Antarctic Cruise Ship Tourism
Degree GrantorUniversity of Canterbury
Degree LevelPostgraduate Certificate
Degree NamePostgraduate Certificate in Antarctic Studies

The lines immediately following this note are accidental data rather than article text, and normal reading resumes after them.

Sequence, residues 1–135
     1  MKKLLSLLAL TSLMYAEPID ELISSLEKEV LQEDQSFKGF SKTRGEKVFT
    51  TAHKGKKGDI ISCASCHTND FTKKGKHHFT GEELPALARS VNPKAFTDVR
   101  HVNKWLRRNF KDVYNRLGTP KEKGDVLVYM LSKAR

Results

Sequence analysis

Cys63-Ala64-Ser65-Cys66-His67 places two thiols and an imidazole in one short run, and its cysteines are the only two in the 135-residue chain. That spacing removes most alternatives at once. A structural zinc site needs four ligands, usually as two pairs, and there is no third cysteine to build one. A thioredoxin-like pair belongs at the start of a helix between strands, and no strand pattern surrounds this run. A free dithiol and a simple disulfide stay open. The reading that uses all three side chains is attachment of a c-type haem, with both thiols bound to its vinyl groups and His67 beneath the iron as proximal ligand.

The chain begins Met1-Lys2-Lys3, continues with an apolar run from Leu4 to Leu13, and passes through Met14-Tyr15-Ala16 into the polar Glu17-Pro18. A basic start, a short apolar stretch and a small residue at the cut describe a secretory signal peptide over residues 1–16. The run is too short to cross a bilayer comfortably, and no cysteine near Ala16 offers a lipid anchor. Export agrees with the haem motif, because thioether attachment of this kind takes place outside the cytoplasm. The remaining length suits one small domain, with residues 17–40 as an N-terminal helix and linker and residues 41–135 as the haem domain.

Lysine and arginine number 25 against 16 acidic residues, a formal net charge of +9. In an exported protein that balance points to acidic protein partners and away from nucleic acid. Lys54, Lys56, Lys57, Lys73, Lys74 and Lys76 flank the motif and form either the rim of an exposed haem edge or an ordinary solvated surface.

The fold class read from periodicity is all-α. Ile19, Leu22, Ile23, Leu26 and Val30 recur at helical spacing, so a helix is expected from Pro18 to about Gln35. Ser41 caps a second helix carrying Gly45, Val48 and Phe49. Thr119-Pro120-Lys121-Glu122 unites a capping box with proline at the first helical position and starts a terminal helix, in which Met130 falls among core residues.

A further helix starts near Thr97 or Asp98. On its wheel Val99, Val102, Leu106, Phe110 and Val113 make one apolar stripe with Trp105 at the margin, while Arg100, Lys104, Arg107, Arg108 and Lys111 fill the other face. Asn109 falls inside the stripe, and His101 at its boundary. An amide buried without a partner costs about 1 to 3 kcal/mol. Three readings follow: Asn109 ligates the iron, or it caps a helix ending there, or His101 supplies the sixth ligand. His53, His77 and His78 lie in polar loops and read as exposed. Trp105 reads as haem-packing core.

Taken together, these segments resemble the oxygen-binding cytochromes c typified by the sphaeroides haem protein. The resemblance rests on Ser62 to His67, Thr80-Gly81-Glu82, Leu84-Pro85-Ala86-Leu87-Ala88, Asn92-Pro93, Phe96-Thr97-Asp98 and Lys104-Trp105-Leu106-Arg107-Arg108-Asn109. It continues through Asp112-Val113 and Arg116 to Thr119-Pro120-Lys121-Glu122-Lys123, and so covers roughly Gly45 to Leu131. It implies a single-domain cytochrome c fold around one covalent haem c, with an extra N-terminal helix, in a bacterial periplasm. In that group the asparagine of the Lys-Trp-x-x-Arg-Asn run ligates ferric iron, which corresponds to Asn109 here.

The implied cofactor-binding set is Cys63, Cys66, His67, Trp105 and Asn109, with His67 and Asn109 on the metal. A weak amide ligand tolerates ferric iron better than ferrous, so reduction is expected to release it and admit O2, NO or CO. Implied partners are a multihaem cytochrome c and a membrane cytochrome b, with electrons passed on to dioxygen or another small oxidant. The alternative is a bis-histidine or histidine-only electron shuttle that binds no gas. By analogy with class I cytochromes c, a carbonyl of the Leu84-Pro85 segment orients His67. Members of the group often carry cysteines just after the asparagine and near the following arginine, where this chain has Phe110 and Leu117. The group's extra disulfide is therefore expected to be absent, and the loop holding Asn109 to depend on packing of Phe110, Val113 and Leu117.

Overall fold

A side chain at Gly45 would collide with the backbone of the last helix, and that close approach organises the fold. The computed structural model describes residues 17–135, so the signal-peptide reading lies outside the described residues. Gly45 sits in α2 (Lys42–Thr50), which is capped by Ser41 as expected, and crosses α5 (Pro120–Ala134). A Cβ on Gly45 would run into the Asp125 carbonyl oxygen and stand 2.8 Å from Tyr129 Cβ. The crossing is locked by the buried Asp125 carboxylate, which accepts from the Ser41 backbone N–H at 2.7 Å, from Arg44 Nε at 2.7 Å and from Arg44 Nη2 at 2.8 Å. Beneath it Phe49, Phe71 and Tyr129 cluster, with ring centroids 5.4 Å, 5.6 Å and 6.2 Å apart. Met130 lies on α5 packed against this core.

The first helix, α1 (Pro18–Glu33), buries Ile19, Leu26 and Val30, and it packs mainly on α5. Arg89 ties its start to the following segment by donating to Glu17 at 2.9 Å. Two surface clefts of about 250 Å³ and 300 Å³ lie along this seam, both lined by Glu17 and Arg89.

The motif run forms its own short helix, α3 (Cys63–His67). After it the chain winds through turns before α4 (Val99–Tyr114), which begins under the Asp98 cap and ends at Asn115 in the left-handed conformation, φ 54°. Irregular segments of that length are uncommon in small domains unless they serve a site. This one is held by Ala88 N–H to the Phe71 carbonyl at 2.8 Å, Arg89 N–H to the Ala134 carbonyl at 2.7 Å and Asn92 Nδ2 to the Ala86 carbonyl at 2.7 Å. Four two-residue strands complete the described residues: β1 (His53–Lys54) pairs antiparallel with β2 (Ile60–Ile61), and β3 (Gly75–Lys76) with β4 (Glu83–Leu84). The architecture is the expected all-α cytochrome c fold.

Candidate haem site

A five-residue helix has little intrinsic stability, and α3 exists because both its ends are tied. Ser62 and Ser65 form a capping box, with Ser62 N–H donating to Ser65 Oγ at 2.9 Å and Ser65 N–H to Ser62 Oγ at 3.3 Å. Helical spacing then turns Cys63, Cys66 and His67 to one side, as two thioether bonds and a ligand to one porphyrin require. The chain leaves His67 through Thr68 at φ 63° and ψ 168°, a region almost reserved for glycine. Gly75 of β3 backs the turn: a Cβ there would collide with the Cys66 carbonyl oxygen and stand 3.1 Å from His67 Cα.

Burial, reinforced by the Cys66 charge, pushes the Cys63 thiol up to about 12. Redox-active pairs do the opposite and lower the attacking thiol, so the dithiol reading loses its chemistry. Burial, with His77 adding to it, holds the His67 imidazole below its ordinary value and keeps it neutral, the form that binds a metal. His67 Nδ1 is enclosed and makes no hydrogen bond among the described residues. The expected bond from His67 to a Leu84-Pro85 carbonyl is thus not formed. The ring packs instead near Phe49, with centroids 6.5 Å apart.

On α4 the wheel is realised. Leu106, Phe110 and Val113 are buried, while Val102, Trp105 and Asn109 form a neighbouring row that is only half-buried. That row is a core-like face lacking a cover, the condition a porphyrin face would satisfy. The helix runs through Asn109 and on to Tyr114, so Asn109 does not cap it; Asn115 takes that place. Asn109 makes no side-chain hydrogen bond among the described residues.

The issue of Antarctic Cruise Ship Tourism has gained much attention over the last twenty years as cruise ship and passenger numbers steadily increase. Cruise ship tourism accounts for 96% of tourism to the Antarctic and is growing at twice the rate of tourism worldwide. Currently the cruise ship industry is managed through The Antarctic Treaty System (ATS), Non Governmental Organisations (NGO) (self regulation), guidelines, various treaties and a series of international laws (Bauer & Dowling 2006). Antarctica remains a land mass without a governing organisation with the requisite sovereignty and international legal personality, to enable complete enforcement of any rules, regulations and laws that may be developed to cover the region and its current/future needs. Sea borne tourism raises a number of concerns, as numbers grow the likelihood of maritime disasters and environmental impacts increases; and needs to be carefully planned for. Cruise tourism in the Antarctic is cold climate tourism that takes place without a local population, the usual tourism infrastructure and without the normal governmental involvement that comes hand in hand with the exploitation of a resource. Since the beginning of the modern Antarctic tourism industry in 1969, the number of tourists in Antarctica has grown from a few hundred to more than 30,000 each year (Bauer & Dowling 2006).
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